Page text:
A significant number of parents confessed to giving children the antibiotics prescribed for someone else, according to research findings presented by American researchers at the American Academy of Pediatrics conference in Orlando, Florida.
The practice promotes antibiotic resistance and the risks posed by children to hazardous dosages, drugs that have ended with harmful degradation products and potential allergens, said study manager Tamara Kahan of Northwell Health in Lake Success, New York.
"Doctors should emphasize the importance of completing all antibiotics so that there are no leftovers, available antibiotics left when it is relevant and the risks of sharing any kind of drug with people for whom it is not prescribed" , said Kahan.
Kahan and his colleagues recruited their parents nationwide through Amazon Mechanical Turk, a complete online marketplace. Finally, they evaluated the responses of 496 parents who met their inclusion criteria. Participants were 61 percent female and 69 percent white, with an average age of 34 years.
Overall, 454 parents, or 92%, said they had abortive antibiotics at home. More than a third of parents (159 or 35%) said they had redistributed the rest to others, including children and adults. The diversion of antibiotics, as called tactics, was more common with drops and liquids than with creams and pills.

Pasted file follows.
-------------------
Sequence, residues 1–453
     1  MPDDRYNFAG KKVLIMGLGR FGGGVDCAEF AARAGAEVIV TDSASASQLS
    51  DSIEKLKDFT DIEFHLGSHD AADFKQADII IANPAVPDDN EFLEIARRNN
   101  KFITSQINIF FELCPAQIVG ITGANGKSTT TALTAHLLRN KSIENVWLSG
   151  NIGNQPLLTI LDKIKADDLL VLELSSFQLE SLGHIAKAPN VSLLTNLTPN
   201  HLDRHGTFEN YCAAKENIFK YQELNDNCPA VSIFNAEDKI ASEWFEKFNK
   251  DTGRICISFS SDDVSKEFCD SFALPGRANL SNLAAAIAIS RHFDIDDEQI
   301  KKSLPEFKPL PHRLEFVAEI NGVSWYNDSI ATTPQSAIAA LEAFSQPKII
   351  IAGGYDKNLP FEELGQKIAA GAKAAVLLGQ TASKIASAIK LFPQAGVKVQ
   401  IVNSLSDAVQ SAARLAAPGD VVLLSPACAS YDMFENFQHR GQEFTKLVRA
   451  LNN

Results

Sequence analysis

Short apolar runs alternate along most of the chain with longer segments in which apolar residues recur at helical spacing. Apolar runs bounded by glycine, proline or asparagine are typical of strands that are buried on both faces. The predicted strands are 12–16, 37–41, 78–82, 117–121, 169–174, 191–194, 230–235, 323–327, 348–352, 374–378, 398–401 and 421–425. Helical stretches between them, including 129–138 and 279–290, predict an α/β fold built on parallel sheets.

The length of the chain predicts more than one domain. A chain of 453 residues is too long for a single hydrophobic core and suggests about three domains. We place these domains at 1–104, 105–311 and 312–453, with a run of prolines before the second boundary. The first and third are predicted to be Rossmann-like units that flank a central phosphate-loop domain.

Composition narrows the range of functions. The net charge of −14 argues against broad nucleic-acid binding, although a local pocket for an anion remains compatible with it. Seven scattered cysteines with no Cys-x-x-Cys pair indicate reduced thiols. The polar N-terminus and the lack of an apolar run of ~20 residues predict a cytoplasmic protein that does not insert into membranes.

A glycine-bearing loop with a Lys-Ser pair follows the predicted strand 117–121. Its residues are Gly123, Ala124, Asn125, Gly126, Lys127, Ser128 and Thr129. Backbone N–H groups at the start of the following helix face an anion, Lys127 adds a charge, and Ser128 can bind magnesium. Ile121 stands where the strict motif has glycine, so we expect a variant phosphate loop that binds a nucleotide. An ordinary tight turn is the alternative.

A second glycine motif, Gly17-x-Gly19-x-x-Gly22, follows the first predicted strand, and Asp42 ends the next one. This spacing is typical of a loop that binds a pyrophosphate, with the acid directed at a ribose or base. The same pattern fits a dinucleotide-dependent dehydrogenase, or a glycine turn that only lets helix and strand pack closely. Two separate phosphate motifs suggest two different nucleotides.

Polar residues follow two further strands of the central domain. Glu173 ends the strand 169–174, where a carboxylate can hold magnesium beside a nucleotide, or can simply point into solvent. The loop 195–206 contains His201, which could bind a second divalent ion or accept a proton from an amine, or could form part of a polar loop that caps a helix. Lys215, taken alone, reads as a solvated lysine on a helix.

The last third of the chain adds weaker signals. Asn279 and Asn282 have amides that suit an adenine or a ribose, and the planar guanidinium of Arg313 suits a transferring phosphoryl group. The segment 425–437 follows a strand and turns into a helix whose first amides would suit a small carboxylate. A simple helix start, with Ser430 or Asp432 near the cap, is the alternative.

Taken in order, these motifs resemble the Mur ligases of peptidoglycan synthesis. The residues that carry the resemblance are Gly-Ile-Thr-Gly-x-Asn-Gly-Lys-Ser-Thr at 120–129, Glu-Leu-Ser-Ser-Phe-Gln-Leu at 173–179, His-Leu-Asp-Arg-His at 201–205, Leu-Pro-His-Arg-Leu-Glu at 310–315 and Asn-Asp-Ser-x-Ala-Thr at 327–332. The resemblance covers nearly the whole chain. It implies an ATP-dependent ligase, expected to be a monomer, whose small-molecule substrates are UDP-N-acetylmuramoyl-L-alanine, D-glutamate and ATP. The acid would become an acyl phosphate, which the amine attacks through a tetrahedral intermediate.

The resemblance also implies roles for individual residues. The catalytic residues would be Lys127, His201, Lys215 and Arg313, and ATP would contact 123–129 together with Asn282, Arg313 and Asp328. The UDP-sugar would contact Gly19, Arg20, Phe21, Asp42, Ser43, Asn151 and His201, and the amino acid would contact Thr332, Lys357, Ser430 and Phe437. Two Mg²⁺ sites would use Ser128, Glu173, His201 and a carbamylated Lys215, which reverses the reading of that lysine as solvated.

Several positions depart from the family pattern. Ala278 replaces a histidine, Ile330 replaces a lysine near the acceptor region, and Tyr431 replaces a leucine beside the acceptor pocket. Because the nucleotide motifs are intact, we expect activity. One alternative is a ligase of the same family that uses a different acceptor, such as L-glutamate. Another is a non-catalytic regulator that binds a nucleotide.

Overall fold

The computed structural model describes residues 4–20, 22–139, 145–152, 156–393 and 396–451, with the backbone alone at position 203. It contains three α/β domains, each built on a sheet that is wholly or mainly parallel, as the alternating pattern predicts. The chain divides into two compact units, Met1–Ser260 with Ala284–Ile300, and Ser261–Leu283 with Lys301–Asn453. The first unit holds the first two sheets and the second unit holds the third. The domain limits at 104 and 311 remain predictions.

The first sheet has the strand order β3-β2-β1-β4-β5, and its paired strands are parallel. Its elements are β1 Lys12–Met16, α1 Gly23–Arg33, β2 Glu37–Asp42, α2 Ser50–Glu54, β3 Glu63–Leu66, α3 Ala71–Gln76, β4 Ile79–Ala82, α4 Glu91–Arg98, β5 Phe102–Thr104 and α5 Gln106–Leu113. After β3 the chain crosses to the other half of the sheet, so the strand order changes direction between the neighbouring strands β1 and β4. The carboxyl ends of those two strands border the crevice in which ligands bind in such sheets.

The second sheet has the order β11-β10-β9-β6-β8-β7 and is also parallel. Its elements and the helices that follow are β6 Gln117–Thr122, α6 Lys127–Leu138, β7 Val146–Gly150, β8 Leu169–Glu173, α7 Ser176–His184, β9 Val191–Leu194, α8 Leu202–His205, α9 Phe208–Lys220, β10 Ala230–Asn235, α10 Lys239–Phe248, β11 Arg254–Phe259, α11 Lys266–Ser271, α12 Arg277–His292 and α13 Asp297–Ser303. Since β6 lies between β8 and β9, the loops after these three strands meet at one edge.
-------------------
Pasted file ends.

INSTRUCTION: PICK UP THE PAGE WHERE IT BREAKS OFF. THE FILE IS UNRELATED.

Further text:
Parents sometimes put other members of the family at the same dose as that prescribed for the child who received the prescription. Or they estimated a new dose depending on the age of the family member.
16% of the researchers said they gave their children adult drugs.
It is unknown just how harmful the practice can be, whether for humans or to promote resistance to antibiotics. These questions will be studied in the future, says Kahan.
"The study provides an interesting insight into a common problem of the remaining antibiotics," said Dr. Jordan Taylor, pediatric surgeon at the Stanford University Medical School in California, who did not participate in the research.
"Researchers have found that drugs containing liquid or solution are more often based on and diverted, liquids or solution drugs are almost exclusively used in pediatric patients, as most can not swallow pills. pharmacists on how to handle liquid drugs once the prescription is completed, "said Dr. Taylor.
A limitation of the study is the use by Mechanical Turk researchers to hire participants in the study. Dr. Taylor believes that a study of people hired in this way could not produce findings that are valid for the general public.
Also, Taylor said: "It would be interesting to ask the respondents why they were holding the drugs or if they had discussed what to do with the additional medication with their provider."
SOURCE: bit.ly/2SQD1bx American Academy of Pediatrics, November 5, 2018.